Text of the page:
The question of costs associated with cloud computing continue to be controversial. You may recognise in this blog's title, an homage to the motto of Bill Clinton's 1992 Presidential campaign: "It's the Economy, Stupid." The motto referred to the decision by the Clinton campaign to focus relentlessly on how the US economy was doing in 1992, sidestepping other issues and always, always circling back to the economic outlook for the US.

I was reminded of this by some recent discussions on Twitter that discussed the importance of economics in terms of cloud adoption.

This question of cloud economics arises especially in the context of the endless discussions about private vs. public clouds (private usually being thought of as referring to a cloud environment inside a company's own data center).

Some people assert that private clouds obviously must be less expensive, because one owns the equipment and is not paying what is, in effect, a rental fee. The obvious analogy is buying a car vs. renting a car. If one uses a car every day, it's clearly less expensive to own rather than pay a daily rental fee to, say, Hertz.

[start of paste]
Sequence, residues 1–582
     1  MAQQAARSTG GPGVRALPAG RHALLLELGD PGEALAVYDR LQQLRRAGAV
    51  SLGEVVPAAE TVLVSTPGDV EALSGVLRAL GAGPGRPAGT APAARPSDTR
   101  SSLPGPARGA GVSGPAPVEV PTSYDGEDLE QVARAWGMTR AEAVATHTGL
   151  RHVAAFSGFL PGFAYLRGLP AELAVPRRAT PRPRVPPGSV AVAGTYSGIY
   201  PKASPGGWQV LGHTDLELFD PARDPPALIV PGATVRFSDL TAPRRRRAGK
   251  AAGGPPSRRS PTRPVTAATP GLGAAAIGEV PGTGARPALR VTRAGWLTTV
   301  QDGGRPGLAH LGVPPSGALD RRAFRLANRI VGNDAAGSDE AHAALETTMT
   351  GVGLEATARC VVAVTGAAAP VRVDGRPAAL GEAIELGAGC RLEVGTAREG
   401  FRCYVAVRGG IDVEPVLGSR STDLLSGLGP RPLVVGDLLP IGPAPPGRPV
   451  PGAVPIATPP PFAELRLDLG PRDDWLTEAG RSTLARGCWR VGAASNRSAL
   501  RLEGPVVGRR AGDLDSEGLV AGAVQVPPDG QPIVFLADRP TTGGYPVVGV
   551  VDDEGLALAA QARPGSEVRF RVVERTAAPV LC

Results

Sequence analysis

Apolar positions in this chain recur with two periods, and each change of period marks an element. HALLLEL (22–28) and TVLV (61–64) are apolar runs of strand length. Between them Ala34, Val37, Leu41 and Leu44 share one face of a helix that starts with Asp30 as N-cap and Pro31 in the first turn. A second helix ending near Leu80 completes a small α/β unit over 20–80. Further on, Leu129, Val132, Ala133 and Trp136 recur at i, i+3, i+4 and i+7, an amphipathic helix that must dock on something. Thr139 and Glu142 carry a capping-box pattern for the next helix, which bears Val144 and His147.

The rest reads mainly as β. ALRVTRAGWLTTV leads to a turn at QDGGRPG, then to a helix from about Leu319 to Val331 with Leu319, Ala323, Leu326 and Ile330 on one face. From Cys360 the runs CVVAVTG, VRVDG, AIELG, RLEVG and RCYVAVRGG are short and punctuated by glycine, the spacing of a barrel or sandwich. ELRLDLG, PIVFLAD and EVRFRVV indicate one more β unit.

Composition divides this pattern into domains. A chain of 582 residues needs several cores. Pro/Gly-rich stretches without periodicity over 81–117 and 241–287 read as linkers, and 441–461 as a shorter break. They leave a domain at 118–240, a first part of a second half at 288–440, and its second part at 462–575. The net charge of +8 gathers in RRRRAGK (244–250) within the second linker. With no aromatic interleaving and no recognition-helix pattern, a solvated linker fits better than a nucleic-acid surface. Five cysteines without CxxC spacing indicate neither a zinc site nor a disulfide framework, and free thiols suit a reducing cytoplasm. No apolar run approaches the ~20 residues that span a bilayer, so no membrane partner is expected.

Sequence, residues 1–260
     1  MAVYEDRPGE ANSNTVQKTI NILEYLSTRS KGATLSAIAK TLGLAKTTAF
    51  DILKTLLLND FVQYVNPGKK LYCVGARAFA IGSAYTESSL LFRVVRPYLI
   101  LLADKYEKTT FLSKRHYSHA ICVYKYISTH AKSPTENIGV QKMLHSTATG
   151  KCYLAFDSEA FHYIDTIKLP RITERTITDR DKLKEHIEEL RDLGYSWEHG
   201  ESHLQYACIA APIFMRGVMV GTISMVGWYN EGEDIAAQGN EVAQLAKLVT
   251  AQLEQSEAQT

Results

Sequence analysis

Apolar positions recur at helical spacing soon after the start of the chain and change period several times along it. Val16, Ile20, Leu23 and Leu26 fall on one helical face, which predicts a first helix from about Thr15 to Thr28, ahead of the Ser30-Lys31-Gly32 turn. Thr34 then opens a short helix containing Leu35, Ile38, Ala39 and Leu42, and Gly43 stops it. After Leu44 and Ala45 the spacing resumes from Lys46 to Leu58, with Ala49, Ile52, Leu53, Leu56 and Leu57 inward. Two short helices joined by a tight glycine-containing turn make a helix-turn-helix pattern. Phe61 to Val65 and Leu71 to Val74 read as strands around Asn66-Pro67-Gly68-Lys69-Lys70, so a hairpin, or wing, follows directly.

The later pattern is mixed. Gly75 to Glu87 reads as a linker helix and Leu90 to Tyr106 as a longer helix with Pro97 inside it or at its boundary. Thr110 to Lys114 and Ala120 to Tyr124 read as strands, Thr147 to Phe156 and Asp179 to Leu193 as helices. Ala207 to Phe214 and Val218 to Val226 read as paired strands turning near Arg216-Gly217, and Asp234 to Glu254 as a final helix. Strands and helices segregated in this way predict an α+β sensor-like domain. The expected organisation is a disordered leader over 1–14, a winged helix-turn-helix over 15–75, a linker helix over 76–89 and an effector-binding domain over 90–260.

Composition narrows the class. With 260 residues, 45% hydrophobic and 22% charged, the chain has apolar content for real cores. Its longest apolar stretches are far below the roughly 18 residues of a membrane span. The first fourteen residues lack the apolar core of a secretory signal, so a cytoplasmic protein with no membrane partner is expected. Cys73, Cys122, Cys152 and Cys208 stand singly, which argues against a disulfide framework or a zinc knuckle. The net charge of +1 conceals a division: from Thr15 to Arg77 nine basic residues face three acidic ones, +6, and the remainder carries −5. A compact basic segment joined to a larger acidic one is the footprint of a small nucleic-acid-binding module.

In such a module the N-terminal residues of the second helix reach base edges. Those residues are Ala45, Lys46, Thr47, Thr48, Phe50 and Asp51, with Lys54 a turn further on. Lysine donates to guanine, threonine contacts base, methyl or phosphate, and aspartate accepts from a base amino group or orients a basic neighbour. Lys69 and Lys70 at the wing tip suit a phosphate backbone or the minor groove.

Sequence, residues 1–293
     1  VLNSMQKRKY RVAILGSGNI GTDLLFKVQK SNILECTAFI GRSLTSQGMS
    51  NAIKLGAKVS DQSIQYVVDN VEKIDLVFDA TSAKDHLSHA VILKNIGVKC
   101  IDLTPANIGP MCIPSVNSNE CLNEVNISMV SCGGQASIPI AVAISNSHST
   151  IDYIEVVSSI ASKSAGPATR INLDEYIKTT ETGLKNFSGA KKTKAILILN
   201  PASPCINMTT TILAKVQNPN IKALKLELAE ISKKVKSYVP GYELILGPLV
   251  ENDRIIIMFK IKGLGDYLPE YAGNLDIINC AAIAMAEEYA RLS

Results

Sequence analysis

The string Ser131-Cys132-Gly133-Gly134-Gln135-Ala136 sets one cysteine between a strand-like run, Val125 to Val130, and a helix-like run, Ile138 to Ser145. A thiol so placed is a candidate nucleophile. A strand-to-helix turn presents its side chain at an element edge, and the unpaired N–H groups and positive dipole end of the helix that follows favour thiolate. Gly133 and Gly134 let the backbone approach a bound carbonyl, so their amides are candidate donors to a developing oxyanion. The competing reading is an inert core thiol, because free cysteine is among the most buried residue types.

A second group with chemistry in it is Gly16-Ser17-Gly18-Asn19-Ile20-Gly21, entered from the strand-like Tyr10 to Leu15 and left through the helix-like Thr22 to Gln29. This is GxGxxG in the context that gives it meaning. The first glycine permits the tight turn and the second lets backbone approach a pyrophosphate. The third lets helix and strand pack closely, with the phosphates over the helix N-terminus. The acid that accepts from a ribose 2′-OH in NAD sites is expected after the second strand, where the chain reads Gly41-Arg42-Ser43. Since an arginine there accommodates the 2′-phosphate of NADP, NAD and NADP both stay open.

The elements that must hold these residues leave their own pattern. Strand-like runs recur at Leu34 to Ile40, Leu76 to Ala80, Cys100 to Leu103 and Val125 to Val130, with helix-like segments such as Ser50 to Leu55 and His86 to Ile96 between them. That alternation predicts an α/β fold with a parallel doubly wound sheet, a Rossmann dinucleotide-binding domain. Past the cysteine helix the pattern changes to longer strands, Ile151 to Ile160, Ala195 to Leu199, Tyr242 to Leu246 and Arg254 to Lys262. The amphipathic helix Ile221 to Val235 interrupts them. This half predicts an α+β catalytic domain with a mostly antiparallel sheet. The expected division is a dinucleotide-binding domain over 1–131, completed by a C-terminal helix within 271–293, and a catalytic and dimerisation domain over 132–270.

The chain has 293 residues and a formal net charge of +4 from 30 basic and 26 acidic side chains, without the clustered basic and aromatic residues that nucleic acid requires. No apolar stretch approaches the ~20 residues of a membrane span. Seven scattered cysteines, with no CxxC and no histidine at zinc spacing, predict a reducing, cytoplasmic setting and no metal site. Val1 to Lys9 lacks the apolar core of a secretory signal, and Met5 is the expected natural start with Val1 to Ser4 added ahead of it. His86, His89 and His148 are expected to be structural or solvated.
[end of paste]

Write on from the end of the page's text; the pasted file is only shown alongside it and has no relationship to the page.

Sometimes this argument is made stronger by noting that public cloud providers also are profit-seeking enterprises, so an extra tranche of end-user cost is present, representing the profit margin of the public offering.

The proponents of public cloud computing cost advantages point to the economies of scale large providers realise.

At a recent "AWS in the Enterprise" event, Werner Vogels, CTO of Amazon, noted that Amazon buys "10s of racks of servers at a time" and gets big discounts because of this. Also, AWS buys custom-designed equipment that leave out unneeded, power-using features like USB ports. Moreover, the public cloud providers implement operations automation to an extreme degree and thereby drop the labour cost factor in their clouds.

There is yet a third approach about cloud economics that calls for blend of private and public (sometimes referred to as hybrid) which marries the putative financial advantages of self-owned private clouds and the resource availability of highly elastic public clouds; this can be summarised as "own the base and rent the peak."

What is interesting about Twitter discussion around this topic is that people point to surveys about private cloud interest indicating the real motive behind the move to cloud computing is agility, i.e., the ability to obtain computing resources very quickly and in an on-demand fashion. Cost savings of cloud computing were considered secondary to rapid resource availability.